A new RV manufacturer, Riverside Travel Trailers Inc., has begun operations in the former Adventure Manufacturing Inc. (formally Timberland)  factory in Peru, Ind., last utilized for travel trailer production in January.

Two former Adventure executives — President Mark Gerber and Vice President Kean MacOwan — will direct the new company as vice president of finance and sales and vice president of operations, respectively.

Ken Licklider, owner of Vohne Liche Kennels, an internationally known breeder of trained dogs in nearby Denver, Ind., is the new company’s president.

”Through the liquidation process, I talked to a lot of local business people and came across someone who has the heart and soul to fire the company up again,” said Gerber, who had been named receiver by a local bank to liquidate Adventure’s assets. “He (Licklider) feels that the hit the RV industry took this last winter is more of a blip on the radar rather than a change in the business.”

Gerber said he is in the process of contacting suppliers and dealers. ”It will take a couple of weeks to get the parts here that we will need to get into production,” Gerber said.

Wood-and-aluminum Riverside travel trailers in lengths of 30 to 36 feet with single large slideouts are expected to begin rolling off the production line by mid-July, said Gerber.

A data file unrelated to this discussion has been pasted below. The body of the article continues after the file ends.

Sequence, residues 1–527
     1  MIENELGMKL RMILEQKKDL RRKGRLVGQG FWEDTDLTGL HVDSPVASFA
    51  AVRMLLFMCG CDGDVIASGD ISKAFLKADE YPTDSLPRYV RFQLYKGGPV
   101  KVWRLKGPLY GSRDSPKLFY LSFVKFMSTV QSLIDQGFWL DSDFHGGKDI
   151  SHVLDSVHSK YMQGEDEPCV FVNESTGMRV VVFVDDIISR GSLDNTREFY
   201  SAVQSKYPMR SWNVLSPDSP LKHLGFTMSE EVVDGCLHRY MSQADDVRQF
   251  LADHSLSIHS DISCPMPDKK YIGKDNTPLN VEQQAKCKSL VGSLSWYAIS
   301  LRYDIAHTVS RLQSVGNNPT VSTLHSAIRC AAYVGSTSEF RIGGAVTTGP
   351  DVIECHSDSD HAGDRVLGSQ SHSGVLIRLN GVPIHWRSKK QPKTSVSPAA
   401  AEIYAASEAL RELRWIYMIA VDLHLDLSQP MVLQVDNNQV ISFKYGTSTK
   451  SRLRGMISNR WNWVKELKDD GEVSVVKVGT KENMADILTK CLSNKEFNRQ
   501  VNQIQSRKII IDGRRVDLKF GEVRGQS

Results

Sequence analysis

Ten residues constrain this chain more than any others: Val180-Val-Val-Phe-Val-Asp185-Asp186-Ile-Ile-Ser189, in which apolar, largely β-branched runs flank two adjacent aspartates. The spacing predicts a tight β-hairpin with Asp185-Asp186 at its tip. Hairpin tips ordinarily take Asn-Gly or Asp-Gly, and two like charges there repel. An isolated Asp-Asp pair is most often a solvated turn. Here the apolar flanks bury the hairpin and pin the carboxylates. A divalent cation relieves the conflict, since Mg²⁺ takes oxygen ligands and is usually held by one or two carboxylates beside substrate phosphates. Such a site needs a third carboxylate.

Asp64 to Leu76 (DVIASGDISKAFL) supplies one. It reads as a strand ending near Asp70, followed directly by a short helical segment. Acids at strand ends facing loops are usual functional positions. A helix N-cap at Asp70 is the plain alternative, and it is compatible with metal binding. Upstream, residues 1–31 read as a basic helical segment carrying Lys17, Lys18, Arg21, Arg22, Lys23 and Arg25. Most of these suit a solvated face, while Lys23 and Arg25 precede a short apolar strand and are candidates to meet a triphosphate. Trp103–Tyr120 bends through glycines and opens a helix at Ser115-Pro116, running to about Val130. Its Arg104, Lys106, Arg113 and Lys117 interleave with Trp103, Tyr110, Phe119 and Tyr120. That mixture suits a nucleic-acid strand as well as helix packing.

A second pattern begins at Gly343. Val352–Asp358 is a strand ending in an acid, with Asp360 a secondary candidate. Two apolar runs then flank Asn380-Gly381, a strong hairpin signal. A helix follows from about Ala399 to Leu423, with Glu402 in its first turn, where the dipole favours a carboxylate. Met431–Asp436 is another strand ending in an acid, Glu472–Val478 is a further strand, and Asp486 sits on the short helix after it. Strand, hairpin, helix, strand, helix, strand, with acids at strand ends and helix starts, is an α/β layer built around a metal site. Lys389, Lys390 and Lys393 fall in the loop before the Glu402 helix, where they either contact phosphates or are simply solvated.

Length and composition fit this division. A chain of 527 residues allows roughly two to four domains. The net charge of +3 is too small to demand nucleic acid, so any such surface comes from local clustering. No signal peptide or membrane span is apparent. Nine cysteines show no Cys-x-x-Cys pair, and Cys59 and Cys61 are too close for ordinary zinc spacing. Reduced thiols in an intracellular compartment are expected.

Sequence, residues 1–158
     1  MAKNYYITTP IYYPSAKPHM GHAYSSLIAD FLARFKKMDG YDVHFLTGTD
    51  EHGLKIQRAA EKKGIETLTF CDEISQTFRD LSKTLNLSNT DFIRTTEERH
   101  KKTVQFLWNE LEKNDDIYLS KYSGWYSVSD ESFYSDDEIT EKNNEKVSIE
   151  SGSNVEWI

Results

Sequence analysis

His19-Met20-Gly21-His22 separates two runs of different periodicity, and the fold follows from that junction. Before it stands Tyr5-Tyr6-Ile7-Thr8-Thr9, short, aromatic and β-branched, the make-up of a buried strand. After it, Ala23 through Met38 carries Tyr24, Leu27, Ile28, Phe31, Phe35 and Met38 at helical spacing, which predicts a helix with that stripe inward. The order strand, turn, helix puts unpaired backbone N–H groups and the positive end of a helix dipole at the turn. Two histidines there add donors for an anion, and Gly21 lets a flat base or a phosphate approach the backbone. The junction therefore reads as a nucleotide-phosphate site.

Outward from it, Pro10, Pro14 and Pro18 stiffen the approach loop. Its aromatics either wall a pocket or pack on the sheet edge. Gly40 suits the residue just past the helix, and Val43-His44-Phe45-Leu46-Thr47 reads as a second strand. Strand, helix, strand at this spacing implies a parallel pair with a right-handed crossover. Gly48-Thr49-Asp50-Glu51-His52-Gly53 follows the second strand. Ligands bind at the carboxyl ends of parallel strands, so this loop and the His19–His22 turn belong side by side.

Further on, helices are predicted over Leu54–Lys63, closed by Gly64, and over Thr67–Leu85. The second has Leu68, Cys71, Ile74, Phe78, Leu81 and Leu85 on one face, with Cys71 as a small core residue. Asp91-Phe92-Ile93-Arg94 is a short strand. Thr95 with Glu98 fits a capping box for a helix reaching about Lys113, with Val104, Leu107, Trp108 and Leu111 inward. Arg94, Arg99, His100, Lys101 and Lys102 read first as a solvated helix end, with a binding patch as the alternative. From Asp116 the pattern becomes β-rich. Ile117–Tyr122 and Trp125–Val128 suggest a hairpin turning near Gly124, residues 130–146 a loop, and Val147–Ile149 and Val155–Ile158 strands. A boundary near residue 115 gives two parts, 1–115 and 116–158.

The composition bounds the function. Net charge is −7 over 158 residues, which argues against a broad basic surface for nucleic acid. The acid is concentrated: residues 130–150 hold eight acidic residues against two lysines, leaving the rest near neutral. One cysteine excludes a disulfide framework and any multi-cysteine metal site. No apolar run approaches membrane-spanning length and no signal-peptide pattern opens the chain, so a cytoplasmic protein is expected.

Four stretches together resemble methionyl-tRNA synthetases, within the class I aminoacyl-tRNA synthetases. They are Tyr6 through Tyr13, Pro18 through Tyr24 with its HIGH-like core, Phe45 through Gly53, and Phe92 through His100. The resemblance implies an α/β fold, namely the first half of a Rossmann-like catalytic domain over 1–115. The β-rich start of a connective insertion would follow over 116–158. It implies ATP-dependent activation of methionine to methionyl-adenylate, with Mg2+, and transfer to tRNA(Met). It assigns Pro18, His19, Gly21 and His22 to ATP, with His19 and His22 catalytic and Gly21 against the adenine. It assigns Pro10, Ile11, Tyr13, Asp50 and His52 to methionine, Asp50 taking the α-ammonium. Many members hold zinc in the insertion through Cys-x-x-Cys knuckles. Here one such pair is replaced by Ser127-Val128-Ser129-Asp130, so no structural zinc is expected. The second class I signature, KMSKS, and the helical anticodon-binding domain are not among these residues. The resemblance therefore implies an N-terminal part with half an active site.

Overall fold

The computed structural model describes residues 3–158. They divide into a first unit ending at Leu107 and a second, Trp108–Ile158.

Startup production will be 10 units a week at the 130,000-square-foot factory, which has the capacity to build 5,000 units a year.

”We will manage growth in proportion to what the market will give us,” said Gerber, who anticipates having 50 dealers within six months. ”Our business growth will mirror the improvement that is coming in the financial markets. By the time we get our volume up, the banks will be lending.”

The initial work force will be about 30 people, all former Adventure employees laid off when the company finished its production run in January. ”We will have a very motivated and well-trained workforce who will be building high quality units immediately,” Gerber said. ”The goal is to have a modest rate of production though the Louisville Show and then be able to kick it up in the spring.”